Two Things I've Learned as a Woman in Tech
By: Stephanie Baskerville, Content Writer,
ProServeIT & LineZero
Being a woman in tech is not something that I had ever originally considered as a career path – being a massively imaginative young woman with a passion for writing fiction novels, I can admit that following a career in technology had never occurred to me.
But, now that I find myself the content writer for not one but two technology companies, I can honestly say that I wish I’d pursued this career path sooner! Being a woman in tech is fascinating! Sure, we’ve got a long way to go with regard to equal opportunity and equal representation, but the technology industry is a lucrative and highly exciting field, offering more flex hours and a better work-life integration for everyone involved.
In honour of International Women’s Day, which is coming up on March 8th, I’d like to highlight two very important things that I’ve learned over the past two and a half years that I’ve spent in the tech industry, and show you why I think being a woman in tech not only matters, but has helped me thrive!
#1: Women Have a Role to Play in Tech!
It’s true that women make up only 25% of Canada’s technology sector, but the technology industry needs more women in tech roles! Why is that? Why is it so important for women, like me, to stake our claim in the tech industry?
The simple answer is because diversity – all diversity – in technology leads to better ideas and insights, and those teams that invest in diversity are far more likely to outperform non-diverse teams when it comes to innovation.
We are well into an era of massive technology changes, and we’re advancing at breakneck speeds. Technology is an ever-changing industry, and we’re constantly coming up with new ways to increase productivity, efficiency, collaboration, and communication – from personal shopping and customer service bots, to wearable devices, to Internet of Things devices, Smart Home systems, personal assistants like Cortana, Siri, and Alexa, self-driving cars, and much more!
Take, for instance, the rapid development of artificial intelligence over the past few years. Brad Smith, President & Chief Legal Officer of Microsoft, reiterated the importance of diversity in technology during a 2018 corenote speech, when he mentioned that humanity can’t develop artificial intelligence without taking a “human-centred” approach.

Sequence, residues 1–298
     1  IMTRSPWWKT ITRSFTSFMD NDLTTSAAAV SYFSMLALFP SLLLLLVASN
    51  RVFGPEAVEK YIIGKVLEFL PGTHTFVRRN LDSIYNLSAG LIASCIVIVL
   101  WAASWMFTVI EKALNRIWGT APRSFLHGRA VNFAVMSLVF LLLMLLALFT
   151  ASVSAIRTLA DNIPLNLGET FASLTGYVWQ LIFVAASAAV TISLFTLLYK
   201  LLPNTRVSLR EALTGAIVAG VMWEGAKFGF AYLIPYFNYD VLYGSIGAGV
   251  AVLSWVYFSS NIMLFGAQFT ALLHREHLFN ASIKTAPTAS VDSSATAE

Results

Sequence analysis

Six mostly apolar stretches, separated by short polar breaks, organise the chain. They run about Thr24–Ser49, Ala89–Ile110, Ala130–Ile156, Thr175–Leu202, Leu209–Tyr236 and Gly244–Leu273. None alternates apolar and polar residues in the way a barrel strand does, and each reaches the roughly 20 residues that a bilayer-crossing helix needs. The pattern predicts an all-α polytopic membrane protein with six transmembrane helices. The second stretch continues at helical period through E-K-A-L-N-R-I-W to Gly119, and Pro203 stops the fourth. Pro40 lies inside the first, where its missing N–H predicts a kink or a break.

That is to say, in order to avoid programming artificial intelligence with biases (including gender biases), we need to have a global conversation around charting the path for artificial intelligence. Smith’s suggestion, which has been reiterated in Microsoft’s The Future Computed: Artificial Intelligence and its Role in Society eBook, is to recruit both men and women from all walks of life and all areas of study to work on developing an impartial artificial intelligence system.
If women aren’t included as equal players in our quest for new and improved technology, we’re only seeing fifty percent of the “bigger picture” that is our technology landscape. Innovation and progression are hindered when diversity isn’t present – people see different solutions based on their perspectives and biases.
#2: Women in Tech Don’t Have to Be Technical!
One of the reasons I didn’t initially consider pursuing a career in technology is because I am not a technical person. I struggled with mathematics and science classes in high school, and even flunked my Grade 11 mathematics course. The little HTML code I taught myself for a previous job I held made my head hurt, I wasn’t interested in coding, and I just never saw myself as a “techie”.